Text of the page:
FAQ: Do you know of an outdoor motion sensor?

All individual motion systems have a lot of false alarms outdoors because wind blowing across the sensor will trigger often trigger it. Rain sometimes. And on a bright day, cloud movement may trigger enough of a change in temperature to trigger it.

Professional security firms solve the issue with multiple device systems. There are three common approaches.

  1. trigger beam. A two part device with a beam between them. When the beam is broken, the notification is sent. Deer can still trigger it, but wind and clouds won’t. In very strong wind conditions, a branch or lawn chair blown through the beam will trigger it, but that’s OK with some people, it just depends on where you want to use it. @johnosstyn has a detailed discussion of the system he uses under the laser trip beam topic:
  1. zone detection. Multiple sensors are used and the event counts only when all the sensors go off at about the same time. Tricky to get just right, and wind is still a problem.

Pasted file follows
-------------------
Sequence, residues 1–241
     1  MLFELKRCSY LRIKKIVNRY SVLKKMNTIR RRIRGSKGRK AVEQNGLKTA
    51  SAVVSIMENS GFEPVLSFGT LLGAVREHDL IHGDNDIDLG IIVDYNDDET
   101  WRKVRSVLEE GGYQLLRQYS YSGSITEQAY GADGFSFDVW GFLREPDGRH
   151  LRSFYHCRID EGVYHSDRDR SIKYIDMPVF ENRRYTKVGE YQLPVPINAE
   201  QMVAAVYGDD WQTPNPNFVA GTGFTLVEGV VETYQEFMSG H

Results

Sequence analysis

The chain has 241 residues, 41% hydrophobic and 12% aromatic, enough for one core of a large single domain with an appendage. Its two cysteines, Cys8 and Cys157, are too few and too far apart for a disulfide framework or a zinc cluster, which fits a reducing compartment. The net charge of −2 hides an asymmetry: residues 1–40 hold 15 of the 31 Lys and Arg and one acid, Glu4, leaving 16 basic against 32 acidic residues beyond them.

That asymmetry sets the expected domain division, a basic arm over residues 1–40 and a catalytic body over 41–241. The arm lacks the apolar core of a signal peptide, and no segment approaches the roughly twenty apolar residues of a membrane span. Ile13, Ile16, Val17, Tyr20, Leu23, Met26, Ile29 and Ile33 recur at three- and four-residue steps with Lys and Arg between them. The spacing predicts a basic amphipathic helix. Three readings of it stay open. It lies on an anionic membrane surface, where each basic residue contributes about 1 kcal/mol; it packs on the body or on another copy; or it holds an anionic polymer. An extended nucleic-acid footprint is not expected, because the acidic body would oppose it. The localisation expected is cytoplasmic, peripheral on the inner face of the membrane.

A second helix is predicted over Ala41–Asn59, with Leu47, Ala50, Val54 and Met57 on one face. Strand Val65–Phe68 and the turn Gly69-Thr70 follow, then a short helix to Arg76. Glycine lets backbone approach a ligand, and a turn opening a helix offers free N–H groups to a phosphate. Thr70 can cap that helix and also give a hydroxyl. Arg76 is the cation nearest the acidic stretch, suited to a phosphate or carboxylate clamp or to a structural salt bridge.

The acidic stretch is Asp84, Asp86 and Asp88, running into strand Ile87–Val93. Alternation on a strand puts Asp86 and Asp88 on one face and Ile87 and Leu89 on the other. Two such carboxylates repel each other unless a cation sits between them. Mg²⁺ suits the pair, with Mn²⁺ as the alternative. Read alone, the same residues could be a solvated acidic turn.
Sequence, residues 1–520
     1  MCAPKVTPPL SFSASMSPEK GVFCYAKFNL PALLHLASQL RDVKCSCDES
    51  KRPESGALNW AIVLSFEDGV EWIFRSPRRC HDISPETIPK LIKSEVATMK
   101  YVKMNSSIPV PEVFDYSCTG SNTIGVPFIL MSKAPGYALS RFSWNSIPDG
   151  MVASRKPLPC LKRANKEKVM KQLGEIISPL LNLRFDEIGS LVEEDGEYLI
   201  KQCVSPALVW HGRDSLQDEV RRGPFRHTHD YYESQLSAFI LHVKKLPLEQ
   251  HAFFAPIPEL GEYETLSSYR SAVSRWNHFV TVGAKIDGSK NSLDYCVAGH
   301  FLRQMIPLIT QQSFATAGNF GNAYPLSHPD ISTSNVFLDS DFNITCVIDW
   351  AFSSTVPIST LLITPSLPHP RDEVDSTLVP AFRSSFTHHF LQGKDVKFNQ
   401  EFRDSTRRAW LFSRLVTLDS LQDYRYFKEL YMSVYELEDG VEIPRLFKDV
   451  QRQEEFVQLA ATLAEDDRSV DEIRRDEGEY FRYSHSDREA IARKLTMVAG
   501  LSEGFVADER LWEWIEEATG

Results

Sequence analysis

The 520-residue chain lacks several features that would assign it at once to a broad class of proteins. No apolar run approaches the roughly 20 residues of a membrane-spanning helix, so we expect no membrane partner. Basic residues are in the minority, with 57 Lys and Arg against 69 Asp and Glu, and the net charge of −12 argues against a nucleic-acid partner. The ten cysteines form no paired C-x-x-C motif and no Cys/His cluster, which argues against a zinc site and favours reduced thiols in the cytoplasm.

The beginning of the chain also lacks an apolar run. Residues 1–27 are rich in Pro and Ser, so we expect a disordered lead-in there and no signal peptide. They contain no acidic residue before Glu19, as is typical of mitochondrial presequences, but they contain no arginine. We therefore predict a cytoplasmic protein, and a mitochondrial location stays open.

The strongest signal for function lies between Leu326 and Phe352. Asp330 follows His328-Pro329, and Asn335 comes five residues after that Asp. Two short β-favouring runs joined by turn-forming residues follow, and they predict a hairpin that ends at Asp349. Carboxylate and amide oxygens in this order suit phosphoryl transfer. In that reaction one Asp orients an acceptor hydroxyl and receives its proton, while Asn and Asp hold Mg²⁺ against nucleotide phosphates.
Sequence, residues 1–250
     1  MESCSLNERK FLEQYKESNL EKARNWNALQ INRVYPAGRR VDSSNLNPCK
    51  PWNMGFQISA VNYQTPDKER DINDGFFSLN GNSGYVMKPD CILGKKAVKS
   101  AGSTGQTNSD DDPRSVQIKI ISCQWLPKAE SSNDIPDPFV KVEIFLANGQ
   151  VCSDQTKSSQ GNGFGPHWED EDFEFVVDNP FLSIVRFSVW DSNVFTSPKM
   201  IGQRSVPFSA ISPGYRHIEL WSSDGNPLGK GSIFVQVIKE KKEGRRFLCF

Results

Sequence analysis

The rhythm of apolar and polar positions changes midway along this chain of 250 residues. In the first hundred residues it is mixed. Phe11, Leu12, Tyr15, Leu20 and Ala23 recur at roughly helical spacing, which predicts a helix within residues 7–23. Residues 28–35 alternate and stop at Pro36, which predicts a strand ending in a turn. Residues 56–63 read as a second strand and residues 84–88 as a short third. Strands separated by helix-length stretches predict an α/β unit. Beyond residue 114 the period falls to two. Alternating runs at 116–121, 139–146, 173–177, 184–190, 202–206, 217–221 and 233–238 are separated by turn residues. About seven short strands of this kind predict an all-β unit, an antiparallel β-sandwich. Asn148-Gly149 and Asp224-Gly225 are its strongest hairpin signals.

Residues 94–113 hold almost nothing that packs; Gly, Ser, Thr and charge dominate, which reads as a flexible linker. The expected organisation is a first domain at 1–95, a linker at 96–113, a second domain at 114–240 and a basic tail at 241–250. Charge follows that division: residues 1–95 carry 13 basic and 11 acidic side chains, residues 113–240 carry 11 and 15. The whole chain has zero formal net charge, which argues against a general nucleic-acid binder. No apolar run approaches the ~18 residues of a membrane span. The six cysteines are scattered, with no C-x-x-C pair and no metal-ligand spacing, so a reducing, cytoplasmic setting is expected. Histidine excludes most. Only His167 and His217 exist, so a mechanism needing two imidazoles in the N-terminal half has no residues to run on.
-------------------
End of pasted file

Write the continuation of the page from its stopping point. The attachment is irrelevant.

2. pressure plates and mats. Completely different technology, switch closes when pressure is applied. Cheap ones ($60 or less) usually trigger at about 25 pounds, more expensive ones have adjustable minimum limits up to truck size. Many are weatherproofed (sealed in mats). Wireless are more expensive than hard wired. Commercial buildings like these for car detection in driveways. Cities use them to schedule some traffic lights.

Hospitals use light range versions under mattresses to alert when a patient gets out of bed. Many marinas use them as deck sensors, sometimes to act as “doorbells” for docked ships, sometimes for alarm systems. I have a friend with a son in a wheelchair in Arizona who uses a deck sensor pressure mat on the entrance ramp in the back yard so that the door opens automatically when the son is coming in. It’s been much more reliable than a previous motion detector system.

So again a lot depends on what you want to use it for. If you’re trying to detect intruders outdoors, trip beam seems to be the most common if there’s an appropriate “bottleneck” location for the beam. Or use multiple beams to cover a wider area. If you essentially want an outdoor switch for a welcome and cooperative visitor, pressure mats might be a less expensive option, although you’ll likely have to do some wiring and you may have to secure the mat itself.